- Preheat the oven to 325 degrees F. Peel the onion and cut it into ½ inch dice. Set aside.
- Wash and peel the celery, then cut it into pieces of about ½ inch. Set aside.
- Peel the carrots, trim their ends, then cut them into rounds (or half rounds) of 1 to 3 inches (whatever size you prefer). Set aside.
- Peel the garlic and mince it finely or cut it into thin slices. Set aside.
- Wash the potatoes, peel them, and cut them into chunks of an inch or two. Set aside.
- Place a large Dutch oven (or other wide-bottomed cooking pot) on medium stovetop heat. When the pot is heated, add the oil. When the oil is hot (it’ll shimmer; about 15 seconds), add the chopped onion. Season to taste with salt. Sauté for 2 minutes, then add the chopped celery and carrots. Add another dash of salt, then sauté for an additional 5 minutes.
- Add the chopped garlic and cook for 1 minute. Then add the tomato paste and thyme. Cook – stirring often – for 2 minutes.
- Add the browned beef pieces and the potato chunks to the cooking pot. Add the Guinness and the beef stock (along with the beef stock from deglazing in Step 2). Bring the mixture to a simmer. Cover the cooking pot and place it in the oven. Cook for 2 to 3 hours, until the beef is tender.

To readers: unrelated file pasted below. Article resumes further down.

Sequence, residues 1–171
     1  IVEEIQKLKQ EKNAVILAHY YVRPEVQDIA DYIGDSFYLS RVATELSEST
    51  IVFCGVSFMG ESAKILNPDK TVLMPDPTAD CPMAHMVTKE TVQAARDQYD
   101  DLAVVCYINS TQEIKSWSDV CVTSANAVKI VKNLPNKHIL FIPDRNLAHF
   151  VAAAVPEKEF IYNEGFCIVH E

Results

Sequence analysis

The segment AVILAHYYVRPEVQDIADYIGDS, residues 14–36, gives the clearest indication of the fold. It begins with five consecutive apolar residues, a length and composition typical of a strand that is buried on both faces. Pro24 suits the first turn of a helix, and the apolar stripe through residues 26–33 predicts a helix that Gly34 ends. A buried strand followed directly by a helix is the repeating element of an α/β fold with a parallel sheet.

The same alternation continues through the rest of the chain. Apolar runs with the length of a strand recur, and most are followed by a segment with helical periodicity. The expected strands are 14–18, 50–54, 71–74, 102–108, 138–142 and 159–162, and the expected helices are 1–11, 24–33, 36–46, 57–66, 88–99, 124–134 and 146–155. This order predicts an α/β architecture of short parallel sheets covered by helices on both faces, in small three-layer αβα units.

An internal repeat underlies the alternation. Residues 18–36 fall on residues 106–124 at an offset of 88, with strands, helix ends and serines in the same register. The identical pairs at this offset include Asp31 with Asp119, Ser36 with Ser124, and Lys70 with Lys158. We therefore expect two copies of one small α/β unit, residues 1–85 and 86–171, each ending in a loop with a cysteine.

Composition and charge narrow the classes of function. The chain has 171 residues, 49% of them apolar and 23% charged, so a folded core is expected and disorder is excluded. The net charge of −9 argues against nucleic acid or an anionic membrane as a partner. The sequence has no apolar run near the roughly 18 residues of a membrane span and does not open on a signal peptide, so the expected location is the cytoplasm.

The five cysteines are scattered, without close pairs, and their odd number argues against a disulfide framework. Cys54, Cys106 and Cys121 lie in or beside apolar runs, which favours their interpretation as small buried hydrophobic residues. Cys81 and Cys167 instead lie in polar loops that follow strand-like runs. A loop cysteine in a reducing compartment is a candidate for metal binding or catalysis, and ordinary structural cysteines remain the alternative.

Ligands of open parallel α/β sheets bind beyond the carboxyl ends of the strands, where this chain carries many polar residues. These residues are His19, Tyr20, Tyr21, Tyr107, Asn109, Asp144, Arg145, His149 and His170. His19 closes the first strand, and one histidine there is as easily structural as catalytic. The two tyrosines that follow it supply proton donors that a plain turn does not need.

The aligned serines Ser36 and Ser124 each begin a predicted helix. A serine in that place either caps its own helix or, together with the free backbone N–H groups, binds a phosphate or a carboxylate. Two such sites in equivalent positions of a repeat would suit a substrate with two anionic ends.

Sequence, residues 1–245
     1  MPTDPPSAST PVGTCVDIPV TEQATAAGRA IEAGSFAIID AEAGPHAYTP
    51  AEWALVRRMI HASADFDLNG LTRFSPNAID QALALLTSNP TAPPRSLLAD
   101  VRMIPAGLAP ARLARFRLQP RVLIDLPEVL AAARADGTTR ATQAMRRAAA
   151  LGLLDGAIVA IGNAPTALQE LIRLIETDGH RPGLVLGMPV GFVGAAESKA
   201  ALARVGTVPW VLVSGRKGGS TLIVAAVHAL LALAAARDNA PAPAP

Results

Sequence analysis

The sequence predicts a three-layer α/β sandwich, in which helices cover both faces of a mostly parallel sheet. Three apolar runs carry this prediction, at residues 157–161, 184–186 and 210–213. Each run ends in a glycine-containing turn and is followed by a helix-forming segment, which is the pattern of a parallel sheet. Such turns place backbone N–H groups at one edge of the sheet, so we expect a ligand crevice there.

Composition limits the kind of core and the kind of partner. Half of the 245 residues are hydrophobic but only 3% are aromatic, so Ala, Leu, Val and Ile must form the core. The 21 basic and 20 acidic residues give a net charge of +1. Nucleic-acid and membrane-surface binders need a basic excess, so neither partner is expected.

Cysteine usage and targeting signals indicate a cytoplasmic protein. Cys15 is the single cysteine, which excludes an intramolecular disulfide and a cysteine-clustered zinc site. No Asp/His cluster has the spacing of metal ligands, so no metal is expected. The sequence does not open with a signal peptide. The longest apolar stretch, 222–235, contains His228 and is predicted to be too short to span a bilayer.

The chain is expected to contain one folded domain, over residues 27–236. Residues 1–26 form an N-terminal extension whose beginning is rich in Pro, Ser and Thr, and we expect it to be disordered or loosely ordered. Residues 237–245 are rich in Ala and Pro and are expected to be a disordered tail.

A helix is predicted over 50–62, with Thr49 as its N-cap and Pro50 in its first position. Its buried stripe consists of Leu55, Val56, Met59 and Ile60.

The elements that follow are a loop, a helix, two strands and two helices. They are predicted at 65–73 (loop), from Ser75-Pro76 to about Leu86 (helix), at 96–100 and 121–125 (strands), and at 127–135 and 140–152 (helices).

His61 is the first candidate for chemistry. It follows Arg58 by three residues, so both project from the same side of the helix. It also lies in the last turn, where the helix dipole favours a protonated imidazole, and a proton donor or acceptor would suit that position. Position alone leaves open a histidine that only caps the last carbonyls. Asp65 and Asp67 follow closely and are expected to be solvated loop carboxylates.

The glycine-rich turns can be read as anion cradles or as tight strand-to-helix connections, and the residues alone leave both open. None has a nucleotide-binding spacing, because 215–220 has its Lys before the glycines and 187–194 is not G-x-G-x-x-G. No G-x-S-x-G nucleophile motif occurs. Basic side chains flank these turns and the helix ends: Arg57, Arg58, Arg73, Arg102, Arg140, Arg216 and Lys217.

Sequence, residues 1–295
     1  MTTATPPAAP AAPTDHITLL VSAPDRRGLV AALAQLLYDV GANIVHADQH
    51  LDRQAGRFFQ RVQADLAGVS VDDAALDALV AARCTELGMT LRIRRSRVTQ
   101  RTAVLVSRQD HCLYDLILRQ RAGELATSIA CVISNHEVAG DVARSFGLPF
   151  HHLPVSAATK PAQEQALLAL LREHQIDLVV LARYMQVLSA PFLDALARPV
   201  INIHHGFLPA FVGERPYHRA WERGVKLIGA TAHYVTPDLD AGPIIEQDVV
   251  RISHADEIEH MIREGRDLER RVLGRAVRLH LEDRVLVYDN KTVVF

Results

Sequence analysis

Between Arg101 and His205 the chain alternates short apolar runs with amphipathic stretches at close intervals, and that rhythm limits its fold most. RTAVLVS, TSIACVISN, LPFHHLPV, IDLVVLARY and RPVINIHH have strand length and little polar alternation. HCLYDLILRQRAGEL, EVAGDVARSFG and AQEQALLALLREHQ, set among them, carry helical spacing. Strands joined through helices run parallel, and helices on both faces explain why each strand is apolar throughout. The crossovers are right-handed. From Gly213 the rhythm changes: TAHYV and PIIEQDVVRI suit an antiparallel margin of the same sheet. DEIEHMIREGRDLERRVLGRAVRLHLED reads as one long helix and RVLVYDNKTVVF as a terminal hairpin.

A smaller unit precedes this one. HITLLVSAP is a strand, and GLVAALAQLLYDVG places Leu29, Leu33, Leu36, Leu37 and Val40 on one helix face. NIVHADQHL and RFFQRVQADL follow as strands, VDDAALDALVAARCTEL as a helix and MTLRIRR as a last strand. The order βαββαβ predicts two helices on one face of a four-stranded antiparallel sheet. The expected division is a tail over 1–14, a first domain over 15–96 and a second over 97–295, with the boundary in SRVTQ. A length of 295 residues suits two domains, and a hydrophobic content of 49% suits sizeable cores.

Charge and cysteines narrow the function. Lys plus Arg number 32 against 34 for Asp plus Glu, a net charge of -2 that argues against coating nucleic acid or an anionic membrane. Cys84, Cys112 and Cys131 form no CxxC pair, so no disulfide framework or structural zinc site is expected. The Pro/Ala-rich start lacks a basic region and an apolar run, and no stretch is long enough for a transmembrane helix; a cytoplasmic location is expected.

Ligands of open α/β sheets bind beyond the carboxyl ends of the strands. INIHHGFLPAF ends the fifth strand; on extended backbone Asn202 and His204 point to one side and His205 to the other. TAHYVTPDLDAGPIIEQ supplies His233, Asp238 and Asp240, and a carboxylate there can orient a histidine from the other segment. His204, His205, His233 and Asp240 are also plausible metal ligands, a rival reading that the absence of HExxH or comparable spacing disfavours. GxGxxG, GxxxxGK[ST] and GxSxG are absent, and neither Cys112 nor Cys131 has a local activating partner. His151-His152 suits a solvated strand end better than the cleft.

- Remove the beef stew from the oven. Taste, then adjust the seasoning if necessary. If the sauce seems bitter to you, stir in the brown sugar. If you want to thicken the sauce, mix the corn starch with an equal amount of cold water (or Guinness!); stir the corn-starch mixture into the pot of stew.
- Serve. Garnish with chopped parsley, if desired.
- As is the case with many stews, you can easily adjust ingredient quantities to taste in this dish.
- Don’t try to fit too many pieces of beef in the frying pan at once. If you do, the chunks will steam instead of browning.
- We’ve seen recipes that add half the Guinness to the cooking pot at the beginning and the rest shortly before serving. The idea is to give the stew more “Guinness” taste (the flavor of stout does mellow quite a bit as it cooks). We don’t bother with this. Instead, we just serve the stew with Guinness as a side beverage. Full flavor!
- You can leave out the chunked potatoes if you like and instead serve the stew over a bed of mashed potatoes. In that case, we suggest that you definitely thicken the sauce with corn starch (Step 11).
- Chuck roast has good flavor and it’s the cut we like to use for braising. But any cut of beef that benefits from long, slow cooking works in this dish (such as top round). BTW, it’s cheaper to cut up the meat yourself rather than buying pre-cut “stew meat” at your butcher’s.